On the Chinese side, Fulton notes, “Oman and Duqm, are a key part of a new economic strategy that China is putting together for MENA.” In addition to providing more convenient trade routes and helping improve trade relations between the countries, Fulton said, “Oman is geostrategically located in such a way that it provides an alternative access point to the Arabian Peninsula that bypasses the Gulf and the security risks inherent there.”
Chinese investors pose for a picture in the land where an industrial city, including an oil refinery, is due to be built following an economic agreement, in the port town of Duqm. (AFP)
In terms of how the project is actually playing out in Duqm, Shepard said that the Chinese portion of the city, called the Sino-Oman Industrial City, is noticeably separate from the rest of the project. The Omani government has also been partnering with countries like Korea and India in building other port projects, tourist zones and residential areas in Duqm.
“They have this giant area sectioned off as the Chinese section of Duqm,” Shepard said. “But nobody really knows what’s going on (there) … when I asked (Duqm administrators) they said that’s just something China is doing, they have their Belt and Road strategy.”
From this plan provided by Oman Wanfang and the Port of Duqm, we do know that the Sino-Oman Industrial City is constructing a heavy-industry park with an oil refinery, power plant, cement factory and other mineral processing facilities; as well as a light-industry park, which will include a residential zone, with e-commerce, solar, and other factories and assembling plants. China will also have commercial port access in addition to building a five-star hotel, fit with what the report calls ‘Chinese elements.’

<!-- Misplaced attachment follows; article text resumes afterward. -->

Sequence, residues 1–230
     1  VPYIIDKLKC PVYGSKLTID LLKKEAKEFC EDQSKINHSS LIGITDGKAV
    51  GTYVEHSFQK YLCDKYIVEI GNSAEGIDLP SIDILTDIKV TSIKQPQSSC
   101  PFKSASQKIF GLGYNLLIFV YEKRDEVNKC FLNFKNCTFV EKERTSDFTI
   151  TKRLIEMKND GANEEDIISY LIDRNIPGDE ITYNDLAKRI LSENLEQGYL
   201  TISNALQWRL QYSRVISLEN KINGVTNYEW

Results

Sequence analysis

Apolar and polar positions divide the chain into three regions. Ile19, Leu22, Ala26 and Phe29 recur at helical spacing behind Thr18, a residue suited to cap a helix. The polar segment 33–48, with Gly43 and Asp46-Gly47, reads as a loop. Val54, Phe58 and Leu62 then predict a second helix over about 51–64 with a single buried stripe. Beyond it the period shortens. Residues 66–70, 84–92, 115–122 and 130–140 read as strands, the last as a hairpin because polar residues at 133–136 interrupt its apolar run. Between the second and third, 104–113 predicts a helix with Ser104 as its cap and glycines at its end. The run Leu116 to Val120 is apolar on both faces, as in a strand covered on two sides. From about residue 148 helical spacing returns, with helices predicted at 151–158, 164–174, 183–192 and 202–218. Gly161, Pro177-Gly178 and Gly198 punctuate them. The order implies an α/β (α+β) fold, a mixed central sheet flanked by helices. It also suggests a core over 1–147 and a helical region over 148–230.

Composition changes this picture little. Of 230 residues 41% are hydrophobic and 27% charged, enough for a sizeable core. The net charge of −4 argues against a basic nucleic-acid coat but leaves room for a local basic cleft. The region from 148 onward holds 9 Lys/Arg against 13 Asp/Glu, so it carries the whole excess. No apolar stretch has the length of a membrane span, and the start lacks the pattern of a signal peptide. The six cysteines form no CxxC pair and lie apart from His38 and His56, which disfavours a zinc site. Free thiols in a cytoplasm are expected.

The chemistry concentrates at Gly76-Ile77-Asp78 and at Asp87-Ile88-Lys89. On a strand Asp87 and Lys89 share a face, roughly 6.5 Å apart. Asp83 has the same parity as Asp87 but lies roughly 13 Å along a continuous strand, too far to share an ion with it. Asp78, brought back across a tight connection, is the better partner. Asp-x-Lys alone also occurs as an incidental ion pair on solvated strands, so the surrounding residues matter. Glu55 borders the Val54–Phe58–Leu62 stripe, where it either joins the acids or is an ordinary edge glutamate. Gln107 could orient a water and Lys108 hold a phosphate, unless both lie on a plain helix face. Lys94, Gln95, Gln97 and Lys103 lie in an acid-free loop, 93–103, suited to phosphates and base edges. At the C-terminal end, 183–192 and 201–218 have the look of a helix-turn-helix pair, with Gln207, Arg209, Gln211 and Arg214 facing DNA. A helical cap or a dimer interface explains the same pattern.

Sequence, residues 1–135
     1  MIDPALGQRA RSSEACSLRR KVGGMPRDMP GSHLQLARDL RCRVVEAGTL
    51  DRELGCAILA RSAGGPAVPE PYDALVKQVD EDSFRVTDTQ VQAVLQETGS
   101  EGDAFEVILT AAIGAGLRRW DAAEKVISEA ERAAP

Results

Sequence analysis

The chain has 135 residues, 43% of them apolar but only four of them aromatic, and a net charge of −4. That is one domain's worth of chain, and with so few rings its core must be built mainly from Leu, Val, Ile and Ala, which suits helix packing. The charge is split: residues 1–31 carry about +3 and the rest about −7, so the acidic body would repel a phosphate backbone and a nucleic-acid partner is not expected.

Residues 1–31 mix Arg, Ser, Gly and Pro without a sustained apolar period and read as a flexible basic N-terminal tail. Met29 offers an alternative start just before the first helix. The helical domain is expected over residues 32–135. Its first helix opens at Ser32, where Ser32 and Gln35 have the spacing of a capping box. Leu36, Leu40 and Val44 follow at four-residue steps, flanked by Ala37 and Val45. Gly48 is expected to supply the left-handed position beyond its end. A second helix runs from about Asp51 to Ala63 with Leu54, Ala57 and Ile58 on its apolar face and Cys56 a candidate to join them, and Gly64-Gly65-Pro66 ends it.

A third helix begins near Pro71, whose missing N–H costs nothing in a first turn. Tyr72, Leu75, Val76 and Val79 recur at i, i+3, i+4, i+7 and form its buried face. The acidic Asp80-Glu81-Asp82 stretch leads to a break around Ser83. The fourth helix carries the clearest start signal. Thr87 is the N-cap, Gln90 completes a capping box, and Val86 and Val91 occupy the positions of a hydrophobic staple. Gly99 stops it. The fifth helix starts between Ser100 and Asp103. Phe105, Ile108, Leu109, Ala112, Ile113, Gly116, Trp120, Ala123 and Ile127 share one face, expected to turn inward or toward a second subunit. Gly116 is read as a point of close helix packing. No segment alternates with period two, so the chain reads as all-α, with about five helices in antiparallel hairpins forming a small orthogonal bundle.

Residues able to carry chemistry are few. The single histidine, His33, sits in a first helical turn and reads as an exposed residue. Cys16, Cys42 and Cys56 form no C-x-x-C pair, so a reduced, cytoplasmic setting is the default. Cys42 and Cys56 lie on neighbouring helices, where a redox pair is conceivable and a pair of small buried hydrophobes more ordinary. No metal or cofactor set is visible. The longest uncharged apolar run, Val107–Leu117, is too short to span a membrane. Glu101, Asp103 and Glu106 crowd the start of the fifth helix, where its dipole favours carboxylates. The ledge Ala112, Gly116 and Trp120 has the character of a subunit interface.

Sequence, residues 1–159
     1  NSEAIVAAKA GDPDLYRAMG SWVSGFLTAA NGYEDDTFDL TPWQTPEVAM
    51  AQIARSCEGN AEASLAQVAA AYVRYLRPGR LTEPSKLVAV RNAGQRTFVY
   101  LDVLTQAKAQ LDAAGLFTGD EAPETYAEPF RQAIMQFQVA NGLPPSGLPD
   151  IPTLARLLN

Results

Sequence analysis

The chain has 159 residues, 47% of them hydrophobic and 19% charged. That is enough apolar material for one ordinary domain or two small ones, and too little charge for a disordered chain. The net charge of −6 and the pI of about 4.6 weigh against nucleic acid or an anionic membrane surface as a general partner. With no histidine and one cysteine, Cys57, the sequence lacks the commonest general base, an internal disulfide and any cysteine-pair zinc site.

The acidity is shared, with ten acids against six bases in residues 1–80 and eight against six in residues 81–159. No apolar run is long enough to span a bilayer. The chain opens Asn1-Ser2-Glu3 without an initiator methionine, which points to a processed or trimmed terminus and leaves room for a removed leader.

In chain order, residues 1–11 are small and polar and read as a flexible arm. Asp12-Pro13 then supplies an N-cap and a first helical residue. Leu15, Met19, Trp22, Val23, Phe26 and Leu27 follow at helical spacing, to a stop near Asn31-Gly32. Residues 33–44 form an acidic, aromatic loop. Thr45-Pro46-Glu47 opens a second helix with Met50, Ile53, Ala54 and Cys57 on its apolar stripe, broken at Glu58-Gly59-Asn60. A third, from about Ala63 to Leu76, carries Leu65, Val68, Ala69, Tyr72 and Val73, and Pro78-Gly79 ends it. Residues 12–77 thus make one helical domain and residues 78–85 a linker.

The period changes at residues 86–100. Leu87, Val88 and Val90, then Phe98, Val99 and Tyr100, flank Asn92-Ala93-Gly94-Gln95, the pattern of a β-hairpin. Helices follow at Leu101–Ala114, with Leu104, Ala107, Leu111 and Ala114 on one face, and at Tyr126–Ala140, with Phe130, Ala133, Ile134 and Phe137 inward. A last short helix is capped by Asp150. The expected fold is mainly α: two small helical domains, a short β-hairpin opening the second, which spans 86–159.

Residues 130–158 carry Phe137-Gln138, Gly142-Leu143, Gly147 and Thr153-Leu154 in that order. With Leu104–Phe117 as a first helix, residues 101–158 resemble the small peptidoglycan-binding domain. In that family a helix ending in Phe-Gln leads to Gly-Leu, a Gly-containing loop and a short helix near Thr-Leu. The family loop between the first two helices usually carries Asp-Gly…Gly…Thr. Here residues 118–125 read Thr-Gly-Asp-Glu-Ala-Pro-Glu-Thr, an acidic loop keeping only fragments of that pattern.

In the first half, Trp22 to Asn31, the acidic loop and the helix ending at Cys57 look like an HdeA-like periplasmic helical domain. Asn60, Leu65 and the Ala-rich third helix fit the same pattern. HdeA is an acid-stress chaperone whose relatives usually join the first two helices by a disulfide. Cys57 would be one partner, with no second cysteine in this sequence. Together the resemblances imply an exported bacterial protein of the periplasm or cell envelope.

In addition to the questions around what else is going on inside the Sino-Industrial City, information about the Chinese investment consortium Oman Wanfang has been similarly shrouded in some mystery.
We know that the Oman Wanfang investors come from Ningxia, China, a province in the north, central part of China that is largely populated by Hui muslims. Yinchaun, the capital of Ningxia, hosts an annual China-Arab States trade fair, which could help explain some of the ties between the group and the Omani government.
“The provincial government, and the Ministry of Commerce and the National Development and Reform Commission (which is central to the BRI) have both promoted Oman Wanfang’s Duqm project, but it’s not clear to me how deep the relationship is with the central Chinese government,” Fulton said.
According to Oman Wanfang’s Chinese-language website, the group was founded in 2015 and they describe the Duqm project as a direct “response” to the Chinese government’s call for BRI projects abroad. Thus, while Oman Wanfang is technically a private entity, it seems fair to characterize their actions as closely tied to the actions of the Chinese central government.
Military and Political Ambitions at Duqm?
China is wielding their new economic clout in Oman to advance at least some political objectives. The BRI deal between Oman and China includes provisions for Oman to fully support China’s ‘One China Policy,’ and China’s stance on “issues concerning Taiwan, Xinjiang, Tibet and the South China Sea,” according to Xinhua News. This is not an insignificant development for a Muslim country such as Oman, especially as international pressure rises on China’s treatment of the muslim Uighur minority in Xinjiang, as Al Bawaba has reported on extensively.